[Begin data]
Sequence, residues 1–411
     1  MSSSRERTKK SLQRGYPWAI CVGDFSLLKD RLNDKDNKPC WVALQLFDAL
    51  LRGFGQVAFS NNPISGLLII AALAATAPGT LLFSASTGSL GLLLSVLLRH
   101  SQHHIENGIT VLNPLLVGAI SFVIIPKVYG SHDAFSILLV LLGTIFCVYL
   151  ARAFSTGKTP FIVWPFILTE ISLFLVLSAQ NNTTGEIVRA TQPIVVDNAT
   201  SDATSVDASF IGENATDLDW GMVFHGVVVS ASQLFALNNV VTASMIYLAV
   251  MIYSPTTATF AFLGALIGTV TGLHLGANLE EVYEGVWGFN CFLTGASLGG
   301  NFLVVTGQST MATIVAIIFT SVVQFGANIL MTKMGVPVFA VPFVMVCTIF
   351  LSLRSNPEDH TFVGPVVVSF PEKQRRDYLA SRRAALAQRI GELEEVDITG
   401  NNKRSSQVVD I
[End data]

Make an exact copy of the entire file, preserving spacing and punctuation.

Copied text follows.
Sequence, residues 1–411
     1  MSSSRERTKK SLQRGYPWAI CVGDFSLLKD RLNDKDNKPC WVALQLFDAL
    51  LRGFGQVAFS NNPISGLLII AALAATAPGT LLFSASTGSL GLLLSVLLRH
   101  SQHHIENGIT VLNPLLVGAI SFVIIPKVYG SHDAFSILLV LLGTIFCVYL
   151  ARAFSTGKTP FIVWPFILTE ISLFLVLSAQ NNTTGEIVRA TQPIVVDNAT
   201  SDATSVDASF IGENATDLDW GMVFHGVVVS ASQLFALNNV VTASMIYLAV
   251  MIYSPTTATF AFLGALIGTV TGLHLGANLE EVYEGVWGFN CFLTGASLGG
   301  NFLVVTGQST MATIVAIIFT SVVQFGANIL MTKMGVPVFA VPFVMVCTIF
   351  LSLRSNPEDH TFVGPVVVSF PEKQRRDYLA SRRAALAQRI GELEEVDITG
   401  NNKRSSQVVD I